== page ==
The commanding officer, whose name I have never mentioned, may be an honorable officer. He said in a public address in the city of Moosejaw that he had been stabbed from behind… It was not an utterance an officer should have made. I have my duty to perform, and he has his. So far as I have had any personal relations with him, they have been of unalloyed friendship. I know him very slightly, because he is a stranger in our city.
(W. E. Knowles, Debates, 6 May 1916, 3541)
Born in Leicester, England on 8 September 1879, Francis Pawlett served with the Imperial Yeomanry in South Africa from 1899 to 1903. He settled in Yorktown. Saskatchewan after the Boer War and joined the 16th Light Horse in 1910. In September 1914, the six-foot-four militia officer volunteered with the 5th Battalion. Pawlett was wounded on the front, invalided to England and returned to Canada in late 1915 to raise the 128th Battalion from Moosejaw.
When Pawlett and the 128th passed through Winnipeg before departing overseas, the Tribune noted, “Seldom has a finer battalion been seen In Winnipeg. Every man was bronzed and hardened. The battalion is fit to a man and there is every indication that it will be heard from in dispatches when it reaches the firing line.”
However, not everyone was impressed with Pawlett’s tough leadership style. In April 1916, Liberal MP for Moosejaw, William Erskine Knowles, called for an investigation into the 128th commander’s excessive disciplinary methods. Pawlett had suspended two privates by their arms in irons until they fainted. Knowles stated, “the barbarous bully who would inflict such punishment should be removed.” As the subsequent report found, this form of punishment was no longer used in the British Army and an official memorandum attributed such harsh methods to some commanders’ “ignorance and over zeal.”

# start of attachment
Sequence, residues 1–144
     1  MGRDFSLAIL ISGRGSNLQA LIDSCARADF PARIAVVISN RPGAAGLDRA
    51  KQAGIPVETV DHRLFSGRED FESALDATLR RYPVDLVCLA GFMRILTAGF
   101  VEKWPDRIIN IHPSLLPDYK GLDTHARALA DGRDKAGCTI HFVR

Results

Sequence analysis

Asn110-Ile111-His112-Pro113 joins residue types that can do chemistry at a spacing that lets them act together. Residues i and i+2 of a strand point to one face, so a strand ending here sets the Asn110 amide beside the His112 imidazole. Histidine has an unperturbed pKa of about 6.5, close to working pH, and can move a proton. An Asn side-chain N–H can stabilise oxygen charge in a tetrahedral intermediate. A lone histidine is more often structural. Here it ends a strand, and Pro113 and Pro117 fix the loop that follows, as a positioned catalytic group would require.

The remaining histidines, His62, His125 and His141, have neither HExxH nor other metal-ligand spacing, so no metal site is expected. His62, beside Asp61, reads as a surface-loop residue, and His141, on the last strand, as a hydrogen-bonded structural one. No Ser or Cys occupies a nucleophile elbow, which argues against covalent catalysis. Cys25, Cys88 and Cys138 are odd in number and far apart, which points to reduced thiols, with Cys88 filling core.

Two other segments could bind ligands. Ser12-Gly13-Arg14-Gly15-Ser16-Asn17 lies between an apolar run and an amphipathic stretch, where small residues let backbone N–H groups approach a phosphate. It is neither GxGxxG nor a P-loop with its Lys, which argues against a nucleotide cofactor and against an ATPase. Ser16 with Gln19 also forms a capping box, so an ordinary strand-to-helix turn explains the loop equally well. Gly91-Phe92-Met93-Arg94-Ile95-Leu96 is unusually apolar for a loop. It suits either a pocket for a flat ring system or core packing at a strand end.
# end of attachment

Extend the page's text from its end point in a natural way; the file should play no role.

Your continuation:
Knowles argued that strict military discipline suited for the battlefield was inappropriate for the “nice boys” of Moosejaw. He maintained if all officers followed the exact punishment regulations, all deserters would have to be shot. The Liberal MP continued to regard Pawlett as “not the highest type:”
I see by the press that a meeting of the battalion, or something of that kind, was held, and a vote was taken to the effect that they would stay by the Colonel, which to my mind is not a good sign. You will always get men who will vote for their colonel, especially that kind of a colonel.
After the 128th was broken up in England in August 1916, Pawlett joined the Imperial Forces and was seconded to the 2nd Battalion of the Duke of Wellington’s West Riding Regiment. He replaced Lieutenant Colonel William Gerald Officer on 28 April 1918 and remained in command of the 2nd Battalion until the end of the war. In September 1918, the G.O.C of the 4th British Division noted that under Pawlett’s leadership, “The Battalion has shown fighting spirit worthy of the best traditions.”
Following the reorganization of the postwar Canadian militia, Pawlett assumed command of the 3rd Battalion, North Saskatchewan Regiment. He died from influenza on 29 January 1922.